To truly emphasize the rarity of this offering, we must preface the description by disclosing that in all our international travel and seeing many amazing European collections, this is one of only two complete and intact Tenerian green jasper projectile points we have acquired in the course of 23 years.
This GEM bifacial projectile point comes from the Tenerian Neolithic of the South Central Sahara Desert. Most definitely made as a display of prestige, this arrowhead was made in the most prized lithic unique to these peoples and region - green jasper. Furthermore, it was made to such a high level of workmanship that far exceeds what an ordinary use arrowhead would have required. The extreme thinness, the perfect symmetry and the expert flaking indicates this was crafted by a master artisan of this Neolithic age. Fine details such as the slightly flared barbs and hollow base add to its overall uniqueness and beauty. One side even shows retained cortex of a lighter gold hue. To even find such a small object as this, is a truly rare event in of itself! Even the Sereno expedition hardly turned up projectile points such as this amazing specimen!
While arrowheads from the African Capsian Neolithic culture of the Northwestern Sahara are common, arrowheads from the Tenerian Culture are extremely rare. In browsing internet offerings from a variety of sellers, we see an extraordinary amount of mislabeled specimens claiming to be Tenerian when their lithic and style is unmistakably North African Capsian. Aside from scarce examples in lithics such as jasper or flint, the vast majority of true Tenerian projectile points are made of quartzite. Because of this, they seem crudely worked but keep in mind the sheer difficulty in shaping quartzite on such a small scale. It's virtually impossible to flake small objects such as arrowheads when you are working with quartzite so the crude shapes of Tenerian arrowheads are not a factor of poor skill but rather, a factor of the stone used.
On a dinosaur fossil-hunting expedition in 2000 by a team of scientific explorers led by Paul Sereno, a paleodune and ancient lakebed site was discovered that yielded over 200 ancient burials of Kiffian and Tenerian people. The scientific findings showed that this area was once a humid lake region that was home to a hunter-fisher-gatherer people. The area became known as the "Green Sahara" for its once fertile and habitable landscape. Noted paleontologist, Dr. Paul Sereno, famous for other Saharan dinosaur discoveries, shot into the archaeological spotlight with his discovery of the ancient lakebed cemetery at Gobero in Niger in the year 2000. Interred in the many burials were numerous stone tools, ceramics, shells, beads and bone harpoons typical for the lifestyle of these ancient people of the Green Sahara. This exceptional AUTHENTIC artifact is similar to the specimens found at Gobero. It comes from the same period and Tenerian Neolithic Culture of that famous discovery.
It is important to note that originally, Capsian Neolithic deposits could fill dozens of 5 gallon buckets whereas, Tenerian deposits of arrowheads are extremely scarce. Projectile points were never found in rich deposits like the Capsian Neolithic, making Tenerian projectile points immeasurably more rare!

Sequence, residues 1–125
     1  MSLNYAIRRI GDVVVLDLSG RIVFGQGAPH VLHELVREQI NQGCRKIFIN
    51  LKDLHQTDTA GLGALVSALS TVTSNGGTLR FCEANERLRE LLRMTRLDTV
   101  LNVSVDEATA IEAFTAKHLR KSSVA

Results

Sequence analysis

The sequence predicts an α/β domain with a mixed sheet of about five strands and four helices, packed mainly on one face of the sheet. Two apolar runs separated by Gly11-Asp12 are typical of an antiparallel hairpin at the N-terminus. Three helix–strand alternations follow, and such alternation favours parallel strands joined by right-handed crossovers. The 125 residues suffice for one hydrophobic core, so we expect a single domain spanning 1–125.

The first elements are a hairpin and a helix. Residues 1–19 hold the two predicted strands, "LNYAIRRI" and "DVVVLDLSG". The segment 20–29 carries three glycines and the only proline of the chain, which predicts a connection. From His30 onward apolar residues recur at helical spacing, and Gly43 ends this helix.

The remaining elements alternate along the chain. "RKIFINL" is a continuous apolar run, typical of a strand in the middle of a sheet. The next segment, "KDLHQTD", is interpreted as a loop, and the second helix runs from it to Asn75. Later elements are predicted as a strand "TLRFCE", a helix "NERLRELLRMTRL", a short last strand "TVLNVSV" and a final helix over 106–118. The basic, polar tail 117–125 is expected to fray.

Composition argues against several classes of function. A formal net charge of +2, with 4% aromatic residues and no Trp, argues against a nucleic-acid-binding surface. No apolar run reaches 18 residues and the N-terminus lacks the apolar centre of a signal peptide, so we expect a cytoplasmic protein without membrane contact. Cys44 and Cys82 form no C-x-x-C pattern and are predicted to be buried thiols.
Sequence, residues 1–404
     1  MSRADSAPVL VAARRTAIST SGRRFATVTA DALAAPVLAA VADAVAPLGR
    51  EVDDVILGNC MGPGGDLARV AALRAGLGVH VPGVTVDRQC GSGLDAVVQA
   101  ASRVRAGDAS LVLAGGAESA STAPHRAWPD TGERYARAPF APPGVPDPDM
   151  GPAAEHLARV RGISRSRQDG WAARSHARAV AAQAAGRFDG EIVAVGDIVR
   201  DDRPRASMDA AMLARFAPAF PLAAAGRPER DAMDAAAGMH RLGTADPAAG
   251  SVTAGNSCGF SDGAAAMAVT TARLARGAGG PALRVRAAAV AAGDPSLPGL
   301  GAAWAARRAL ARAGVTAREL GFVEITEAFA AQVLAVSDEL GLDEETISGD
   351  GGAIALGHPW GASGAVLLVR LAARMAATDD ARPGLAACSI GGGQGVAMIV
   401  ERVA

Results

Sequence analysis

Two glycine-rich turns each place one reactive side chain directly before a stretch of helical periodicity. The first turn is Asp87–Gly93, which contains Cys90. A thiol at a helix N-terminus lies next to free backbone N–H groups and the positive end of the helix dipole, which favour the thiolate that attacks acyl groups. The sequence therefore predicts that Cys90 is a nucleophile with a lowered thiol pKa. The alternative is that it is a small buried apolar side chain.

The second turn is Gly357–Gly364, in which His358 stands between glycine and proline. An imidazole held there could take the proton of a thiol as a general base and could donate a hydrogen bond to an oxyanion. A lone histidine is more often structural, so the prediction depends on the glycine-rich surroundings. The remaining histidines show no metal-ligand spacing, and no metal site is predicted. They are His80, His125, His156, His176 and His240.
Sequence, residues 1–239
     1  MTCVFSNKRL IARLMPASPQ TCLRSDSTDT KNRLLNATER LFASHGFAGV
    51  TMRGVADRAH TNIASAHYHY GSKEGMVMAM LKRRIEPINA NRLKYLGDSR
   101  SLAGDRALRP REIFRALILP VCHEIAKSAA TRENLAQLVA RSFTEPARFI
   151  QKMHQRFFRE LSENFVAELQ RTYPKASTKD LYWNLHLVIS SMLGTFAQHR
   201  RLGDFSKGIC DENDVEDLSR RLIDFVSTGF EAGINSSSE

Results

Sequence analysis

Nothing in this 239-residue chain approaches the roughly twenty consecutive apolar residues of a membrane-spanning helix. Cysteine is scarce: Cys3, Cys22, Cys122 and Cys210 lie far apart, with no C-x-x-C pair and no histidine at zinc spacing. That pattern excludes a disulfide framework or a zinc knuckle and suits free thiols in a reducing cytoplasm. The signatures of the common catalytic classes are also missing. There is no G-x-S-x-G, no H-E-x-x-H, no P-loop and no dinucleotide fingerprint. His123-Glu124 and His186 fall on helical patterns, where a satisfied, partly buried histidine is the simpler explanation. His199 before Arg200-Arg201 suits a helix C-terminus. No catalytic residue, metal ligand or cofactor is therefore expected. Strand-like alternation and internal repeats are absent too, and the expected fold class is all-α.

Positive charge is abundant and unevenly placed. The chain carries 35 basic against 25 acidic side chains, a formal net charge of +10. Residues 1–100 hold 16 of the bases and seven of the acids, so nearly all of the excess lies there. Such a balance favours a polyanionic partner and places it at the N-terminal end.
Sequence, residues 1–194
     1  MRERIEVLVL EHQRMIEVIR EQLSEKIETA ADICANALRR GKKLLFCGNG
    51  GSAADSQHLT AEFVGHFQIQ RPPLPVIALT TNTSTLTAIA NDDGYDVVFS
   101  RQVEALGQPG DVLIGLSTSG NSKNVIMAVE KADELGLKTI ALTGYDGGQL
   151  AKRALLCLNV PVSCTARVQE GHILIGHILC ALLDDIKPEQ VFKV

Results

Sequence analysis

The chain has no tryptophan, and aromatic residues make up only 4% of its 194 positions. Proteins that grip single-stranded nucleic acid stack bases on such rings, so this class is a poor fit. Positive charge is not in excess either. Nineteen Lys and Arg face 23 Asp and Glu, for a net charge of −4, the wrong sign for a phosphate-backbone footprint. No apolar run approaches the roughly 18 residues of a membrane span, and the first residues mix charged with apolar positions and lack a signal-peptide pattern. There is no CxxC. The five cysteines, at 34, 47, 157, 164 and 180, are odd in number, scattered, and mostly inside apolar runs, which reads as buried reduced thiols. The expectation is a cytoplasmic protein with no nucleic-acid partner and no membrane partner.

We are very fortunate to have acquired an old French collection of these artifacts, years ago. Nevertheless, we have a very limited amount and once sold, we most certainly will never be able to replace them. Objects from the Tenerian African Neolithic culture are so rare that not even most major museums have a single object in their collection.
The Earth has been warming and cooling for millions of year, well long before humans were on the planet. One of the most dramatic examples of climatic change in the last 10,000 years is the desiccation of what is now the Sahara desert. Prior to as recent as 3000 B.C., the South Central Sahara region in Africa was a humid lake savanna. It was home to a thriving culture of ancient humans known as the Tenerians and before them, the Kiffians. The occupation of this area by these two peoples occurred continuously from around 7700 B.C. to the drying of the Sahara in 2500 B.C..
In the final Pleistocene and early Holocene Periods around 10,000 years ago, the South Central Sahara Desert was once a highly favorable environment for hunters, gatherers and pastoralists. Freshwater lakes existed between the dunes in what is now the Tenere region, Lake Chad was eight times its current size, the highlands supported Mediterranean forest trees, and a diverse variety of both large and small fauna flourished there. The slow drying out process of the Sahara, began 7,000 years ago and ended 4500 years ago resulting in the barren conditions that exist to this day. As we progress through time from the end of the Pleistocene towards the end of the Neolithic Period there, we see humans relying more on meat from raised animals as opposed to hunted animals that once roamed wild in the formerly Green Sahara.